Director Martin Scorsese appeared at the annual New York Film Critics Circle dinner in Manhattan on Wednesday night to honor Jane Campion, who was announced in December as the winner of the group’s Best Director award.
Campion, the Oscar frontrunner for her enigmatic drama “The Power of the Dog,” was twice choked up by emotion during her speech before the members of the 86-year-old critics organization.
Scorsese’s remarks, which can be seen in their entirety in the video above, took the form of a perceptive, film-class analysis of Campion’s choices behind the camera. He blended his unique professorial style with his characteristic enthusiasm and a heartfelt expression of respect for his filmmaking peer. Watch the speech in full below.
“It’s a precious thing to have an artistic voice as powerful as Jane’s, developing over time,” Scorsese said. “It’s like a great ongoing conversation and it’s something that shouldn’t be taken for granted.”
Scorsese also recounted a meal he shared with Campion a few months ago in his New York apartment. At the time, the two directors commiserated over the topic of genre. Both “The Power of the Dog” and Scorsese’s upcoming “Killers of the Flowers Moon,” now in post-production, could be called Westerns, but it is a categorization that Scorsese found slightly bemusing.
“We talked about our pictures,” he said. “We both made Westerns, I guess. They take place in the (1920s). At least, we both know that we had cows in them.”
Campion, when she took to the podium to accept her award, was overcome with emotion.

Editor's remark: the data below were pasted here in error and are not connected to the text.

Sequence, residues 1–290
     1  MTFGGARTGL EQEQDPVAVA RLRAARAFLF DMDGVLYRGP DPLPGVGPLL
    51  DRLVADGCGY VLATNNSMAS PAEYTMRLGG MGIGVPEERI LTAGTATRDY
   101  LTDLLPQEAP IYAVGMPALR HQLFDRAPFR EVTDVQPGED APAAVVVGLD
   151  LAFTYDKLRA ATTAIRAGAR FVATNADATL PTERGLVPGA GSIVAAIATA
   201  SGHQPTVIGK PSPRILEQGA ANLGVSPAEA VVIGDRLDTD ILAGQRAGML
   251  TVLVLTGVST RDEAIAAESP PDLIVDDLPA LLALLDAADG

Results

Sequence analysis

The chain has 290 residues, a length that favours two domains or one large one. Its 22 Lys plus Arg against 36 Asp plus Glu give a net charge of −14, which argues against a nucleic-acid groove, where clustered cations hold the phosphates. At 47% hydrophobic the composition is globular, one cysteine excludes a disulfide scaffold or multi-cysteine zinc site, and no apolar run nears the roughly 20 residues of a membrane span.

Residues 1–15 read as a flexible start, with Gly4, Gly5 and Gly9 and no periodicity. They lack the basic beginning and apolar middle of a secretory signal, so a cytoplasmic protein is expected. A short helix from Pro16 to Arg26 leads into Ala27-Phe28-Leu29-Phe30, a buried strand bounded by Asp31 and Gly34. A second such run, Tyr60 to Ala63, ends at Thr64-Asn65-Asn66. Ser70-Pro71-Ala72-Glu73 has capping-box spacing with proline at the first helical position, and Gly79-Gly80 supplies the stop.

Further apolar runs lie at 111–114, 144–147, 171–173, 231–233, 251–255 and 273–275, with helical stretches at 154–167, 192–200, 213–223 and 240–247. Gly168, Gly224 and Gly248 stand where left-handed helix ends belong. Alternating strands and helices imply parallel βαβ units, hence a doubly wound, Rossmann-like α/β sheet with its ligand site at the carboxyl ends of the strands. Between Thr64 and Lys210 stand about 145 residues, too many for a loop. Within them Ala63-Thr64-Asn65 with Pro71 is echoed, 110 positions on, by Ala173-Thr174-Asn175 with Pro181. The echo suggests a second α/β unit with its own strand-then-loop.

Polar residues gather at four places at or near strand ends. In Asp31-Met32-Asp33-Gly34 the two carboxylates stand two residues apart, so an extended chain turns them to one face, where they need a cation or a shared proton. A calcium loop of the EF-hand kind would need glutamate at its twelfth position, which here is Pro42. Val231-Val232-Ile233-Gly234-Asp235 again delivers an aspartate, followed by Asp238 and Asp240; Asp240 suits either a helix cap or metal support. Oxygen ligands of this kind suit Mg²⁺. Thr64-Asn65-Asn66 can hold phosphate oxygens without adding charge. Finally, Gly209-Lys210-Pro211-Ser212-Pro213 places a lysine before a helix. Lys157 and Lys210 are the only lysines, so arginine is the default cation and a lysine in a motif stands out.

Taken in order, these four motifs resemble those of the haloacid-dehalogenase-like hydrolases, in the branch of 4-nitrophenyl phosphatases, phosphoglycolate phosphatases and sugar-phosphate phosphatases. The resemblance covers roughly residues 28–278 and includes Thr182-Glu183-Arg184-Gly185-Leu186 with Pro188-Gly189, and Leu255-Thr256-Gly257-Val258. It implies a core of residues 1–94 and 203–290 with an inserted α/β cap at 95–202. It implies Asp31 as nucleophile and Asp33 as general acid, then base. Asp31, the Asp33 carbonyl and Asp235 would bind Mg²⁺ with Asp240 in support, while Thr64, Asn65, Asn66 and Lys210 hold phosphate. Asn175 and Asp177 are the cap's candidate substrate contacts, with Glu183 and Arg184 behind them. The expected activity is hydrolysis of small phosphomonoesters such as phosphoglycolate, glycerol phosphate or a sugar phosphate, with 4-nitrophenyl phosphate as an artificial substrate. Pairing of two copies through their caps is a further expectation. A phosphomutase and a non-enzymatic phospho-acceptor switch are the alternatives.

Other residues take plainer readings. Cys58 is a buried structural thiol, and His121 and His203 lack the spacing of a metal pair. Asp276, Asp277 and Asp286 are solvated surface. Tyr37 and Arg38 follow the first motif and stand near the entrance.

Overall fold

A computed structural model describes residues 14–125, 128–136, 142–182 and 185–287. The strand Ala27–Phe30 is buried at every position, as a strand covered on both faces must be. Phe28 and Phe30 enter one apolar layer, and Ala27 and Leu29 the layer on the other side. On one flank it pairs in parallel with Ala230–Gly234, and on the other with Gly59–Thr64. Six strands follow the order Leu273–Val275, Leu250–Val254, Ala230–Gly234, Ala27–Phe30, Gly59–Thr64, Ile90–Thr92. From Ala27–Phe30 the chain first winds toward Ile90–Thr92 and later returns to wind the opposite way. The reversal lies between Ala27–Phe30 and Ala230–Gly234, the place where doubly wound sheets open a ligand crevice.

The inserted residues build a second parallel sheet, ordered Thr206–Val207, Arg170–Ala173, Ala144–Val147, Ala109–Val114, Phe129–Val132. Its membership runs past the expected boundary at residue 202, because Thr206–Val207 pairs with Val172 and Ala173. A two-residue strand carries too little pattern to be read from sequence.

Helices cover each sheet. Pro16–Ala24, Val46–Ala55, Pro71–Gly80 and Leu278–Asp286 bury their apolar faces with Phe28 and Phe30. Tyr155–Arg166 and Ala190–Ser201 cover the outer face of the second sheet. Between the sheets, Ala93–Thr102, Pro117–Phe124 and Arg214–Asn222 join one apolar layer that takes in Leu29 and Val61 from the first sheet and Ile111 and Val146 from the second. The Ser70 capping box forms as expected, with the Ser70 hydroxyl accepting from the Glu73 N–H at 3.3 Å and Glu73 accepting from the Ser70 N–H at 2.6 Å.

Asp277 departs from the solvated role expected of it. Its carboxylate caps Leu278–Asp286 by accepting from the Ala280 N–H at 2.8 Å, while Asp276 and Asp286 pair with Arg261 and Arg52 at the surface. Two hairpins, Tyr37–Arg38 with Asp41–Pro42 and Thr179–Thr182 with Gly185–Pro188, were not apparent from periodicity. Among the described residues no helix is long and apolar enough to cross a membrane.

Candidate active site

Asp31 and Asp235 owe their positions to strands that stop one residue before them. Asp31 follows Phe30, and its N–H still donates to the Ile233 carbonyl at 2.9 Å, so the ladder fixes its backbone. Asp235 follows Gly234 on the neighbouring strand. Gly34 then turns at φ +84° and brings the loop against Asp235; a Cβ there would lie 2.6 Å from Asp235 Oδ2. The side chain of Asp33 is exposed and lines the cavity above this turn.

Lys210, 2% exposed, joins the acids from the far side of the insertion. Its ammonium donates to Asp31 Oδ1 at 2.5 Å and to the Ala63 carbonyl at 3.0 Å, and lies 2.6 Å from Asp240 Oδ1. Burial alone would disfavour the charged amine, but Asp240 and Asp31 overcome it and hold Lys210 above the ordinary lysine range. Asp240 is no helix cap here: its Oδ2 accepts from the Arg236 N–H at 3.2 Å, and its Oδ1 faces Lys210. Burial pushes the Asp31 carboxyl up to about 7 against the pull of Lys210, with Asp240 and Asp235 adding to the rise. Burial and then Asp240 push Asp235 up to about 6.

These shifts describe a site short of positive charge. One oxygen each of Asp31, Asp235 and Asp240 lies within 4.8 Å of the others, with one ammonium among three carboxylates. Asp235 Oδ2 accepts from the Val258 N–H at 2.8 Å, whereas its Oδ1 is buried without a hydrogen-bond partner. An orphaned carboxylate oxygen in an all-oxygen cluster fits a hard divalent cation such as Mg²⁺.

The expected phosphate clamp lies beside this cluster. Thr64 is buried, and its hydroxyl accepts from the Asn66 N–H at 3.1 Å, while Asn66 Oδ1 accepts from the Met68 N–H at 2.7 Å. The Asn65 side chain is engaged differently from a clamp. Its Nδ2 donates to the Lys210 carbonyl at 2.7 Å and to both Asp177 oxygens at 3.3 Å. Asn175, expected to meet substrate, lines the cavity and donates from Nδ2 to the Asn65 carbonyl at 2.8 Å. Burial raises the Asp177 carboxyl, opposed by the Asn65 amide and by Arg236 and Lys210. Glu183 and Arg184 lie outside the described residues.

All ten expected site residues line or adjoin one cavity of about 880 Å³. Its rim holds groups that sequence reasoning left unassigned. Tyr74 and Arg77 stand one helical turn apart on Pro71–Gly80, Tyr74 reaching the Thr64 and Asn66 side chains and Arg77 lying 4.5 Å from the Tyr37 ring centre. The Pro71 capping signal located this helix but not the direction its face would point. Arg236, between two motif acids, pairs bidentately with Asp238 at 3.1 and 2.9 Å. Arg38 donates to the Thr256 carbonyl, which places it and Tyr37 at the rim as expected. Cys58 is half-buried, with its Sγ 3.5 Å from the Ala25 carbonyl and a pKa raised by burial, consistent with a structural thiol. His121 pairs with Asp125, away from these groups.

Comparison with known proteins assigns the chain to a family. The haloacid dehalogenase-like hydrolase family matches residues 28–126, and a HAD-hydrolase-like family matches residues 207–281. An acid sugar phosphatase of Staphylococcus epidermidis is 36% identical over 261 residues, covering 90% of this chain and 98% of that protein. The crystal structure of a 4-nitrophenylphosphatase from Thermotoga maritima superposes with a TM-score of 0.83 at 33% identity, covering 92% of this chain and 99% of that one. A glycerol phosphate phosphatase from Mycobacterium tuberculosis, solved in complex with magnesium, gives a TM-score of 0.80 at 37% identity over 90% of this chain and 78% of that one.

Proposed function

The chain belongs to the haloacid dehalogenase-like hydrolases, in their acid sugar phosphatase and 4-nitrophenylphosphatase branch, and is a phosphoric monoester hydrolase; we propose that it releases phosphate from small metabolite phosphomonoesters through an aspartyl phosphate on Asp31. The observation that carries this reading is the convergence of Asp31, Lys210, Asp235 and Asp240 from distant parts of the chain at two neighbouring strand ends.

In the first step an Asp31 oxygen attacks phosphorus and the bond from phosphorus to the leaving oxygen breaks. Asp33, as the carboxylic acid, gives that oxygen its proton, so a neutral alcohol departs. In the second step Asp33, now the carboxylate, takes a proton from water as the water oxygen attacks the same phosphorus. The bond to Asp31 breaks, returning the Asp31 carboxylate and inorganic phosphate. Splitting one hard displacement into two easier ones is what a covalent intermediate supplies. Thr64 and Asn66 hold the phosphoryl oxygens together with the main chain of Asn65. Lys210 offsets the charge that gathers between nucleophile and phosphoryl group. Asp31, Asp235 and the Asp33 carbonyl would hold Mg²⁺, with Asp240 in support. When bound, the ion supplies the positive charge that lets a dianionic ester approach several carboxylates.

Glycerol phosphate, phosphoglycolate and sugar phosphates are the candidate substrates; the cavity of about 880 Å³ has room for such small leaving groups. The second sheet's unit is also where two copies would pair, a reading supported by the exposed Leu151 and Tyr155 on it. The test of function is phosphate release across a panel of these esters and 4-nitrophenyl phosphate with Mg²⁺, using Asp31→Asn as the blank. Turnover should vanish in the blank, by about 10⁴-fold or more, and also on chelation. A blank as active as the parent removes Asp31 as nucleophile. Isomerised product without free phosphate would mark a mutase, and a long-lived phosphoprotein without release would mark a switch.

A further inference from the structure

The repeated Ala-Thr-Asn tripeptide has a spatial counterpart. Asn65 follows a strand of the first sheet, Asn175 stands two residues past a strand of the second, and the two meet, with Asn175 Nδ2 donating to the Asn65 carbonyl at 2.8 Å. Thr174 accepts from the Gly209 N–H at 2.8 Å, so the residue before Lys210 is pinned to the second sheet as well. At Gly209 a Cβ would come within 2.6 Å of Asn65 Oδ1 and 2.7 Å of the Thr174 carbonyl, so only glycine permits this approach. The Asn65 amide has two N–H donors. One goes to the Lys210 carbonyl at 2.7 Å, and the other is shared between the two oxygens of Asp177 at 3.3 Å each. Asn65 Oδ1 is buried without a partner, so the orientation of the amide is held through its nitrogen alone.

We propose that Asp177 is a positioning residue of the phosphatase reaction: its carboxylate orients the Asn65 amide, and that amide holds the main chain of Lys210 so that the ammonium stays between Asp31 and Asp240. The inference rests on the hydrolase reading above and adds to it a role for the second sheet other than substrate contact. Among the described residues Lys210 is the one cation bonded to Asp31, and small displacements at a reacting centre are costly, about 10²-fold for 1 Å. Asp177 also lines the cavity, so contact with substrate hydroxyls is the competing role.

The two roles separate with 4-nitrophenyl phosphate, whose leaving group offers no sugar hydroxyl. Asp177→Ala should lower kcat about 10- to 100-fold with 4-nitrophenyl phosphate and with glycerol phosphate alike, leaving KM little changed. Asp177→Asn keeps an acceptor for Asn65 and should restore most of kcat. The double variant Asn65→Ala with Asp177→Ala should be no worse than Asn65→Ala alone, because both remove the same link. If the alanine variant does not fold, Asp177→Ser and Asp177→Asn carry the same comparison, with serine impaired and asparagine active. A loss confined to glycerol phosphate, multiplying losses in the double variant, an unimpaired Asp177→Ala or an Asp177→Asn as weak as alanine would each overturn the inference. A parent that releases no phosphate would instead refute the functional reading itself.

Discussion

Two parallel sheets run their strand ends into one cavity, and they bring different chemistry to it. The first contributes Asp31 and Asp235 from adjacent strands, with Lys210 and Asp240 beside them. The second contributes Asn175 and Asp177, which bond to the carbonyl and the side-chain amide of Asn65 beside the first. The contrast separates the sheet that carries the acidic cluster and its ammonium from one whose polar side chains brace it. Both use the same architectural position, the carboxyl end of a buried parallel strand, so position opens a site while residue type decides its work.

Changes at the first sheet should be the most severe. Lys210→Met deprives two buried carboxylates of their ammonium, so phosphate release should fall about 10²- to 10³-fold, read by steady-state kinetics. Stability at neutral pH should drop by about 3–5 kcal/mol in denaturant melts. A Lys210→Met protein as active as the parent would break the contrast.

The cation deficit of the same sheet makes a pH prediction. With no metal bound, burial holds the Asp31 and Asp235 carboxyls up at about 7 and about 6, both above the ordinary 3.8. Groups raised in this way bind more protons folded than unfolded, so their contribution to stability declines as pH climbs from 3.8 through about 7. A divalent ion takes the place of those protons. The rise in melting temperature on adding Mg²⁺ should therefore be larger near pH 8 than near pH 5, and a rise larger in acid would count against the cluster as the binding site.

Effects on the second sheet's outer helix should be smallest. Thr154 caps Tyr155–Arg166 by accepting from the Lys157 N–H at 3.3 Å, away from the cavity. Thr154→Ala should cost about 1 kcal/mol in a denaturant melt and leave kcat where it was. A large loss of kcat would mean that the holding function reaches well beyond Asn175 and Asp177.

“Thank you, Marty,” she began, gesturing at Scorsese. “It’s a lifetime thrill to have heard such words said about oneself.” Her voice cracked and she paused for a moment, then continued.
“It is a great honor for me to be chosen for best director and even more so to receive it from critics I respect so much. Back when I began filmmaking I had a kind of rough time in Cannes with my first film ‘Sweetie,’ which included shouts and boos and eviscerating reviews.”
Campion mentioned the late New York Times film critic Vincent Camby, who gave “Sweetie” a positive review in October 1989, and the late writer and cultural icon Susan Sontag, who took Campion out for tea on the young filmmakers first visit to New York.
“The support and sense of enlightenment of this city gave me the encouragement to keep going,” she said, breaking down in tears. “There was a destination for my films and a city for them and for me to aim towards.”
Campion, who is a New Zealander, revealed that she still subscribes to The New York Times and The New Yorker magazine and, she said, “I’m more aware of new eateries and what’s going on in this city than I am in my own.”
And she concluded by bringing the subject back to the man who introuduced her award.
“This is the city where the filmmaker genius Martin Scorsese first made films,” Campion said. “They were startling, modern, provocative, brilliant, introducing actors who were similarly different, charismatic, utterly real. … Marty’s films and the New York reviewers who wrote about them, like the wonderful Amy Taubin, enflamed my passion for film and did nothing less than save me. I was engaged in these stories because they showed me how to understand life.”
Drawing her speech to a close, she fought tears again as she added, “To have you, Marty, be here and present is a beautiful moment for me personally.”
The Scorsese and Campion speeches were a highlight of an evening that also featured remarks by former Vice President Al Gore (who presented an award to the late producer Diane Weyermann); best actress winner Lady Gaga, whose award was presented via video by director Guillermo del Toro; Maggie Gyllenhaal, who won the best first feature award for “The Lost Daughter,” and Oscar nominated Japanese director Ryusuke Hamaguchi, whose “Drive My Car” won the critic group’s best picture award.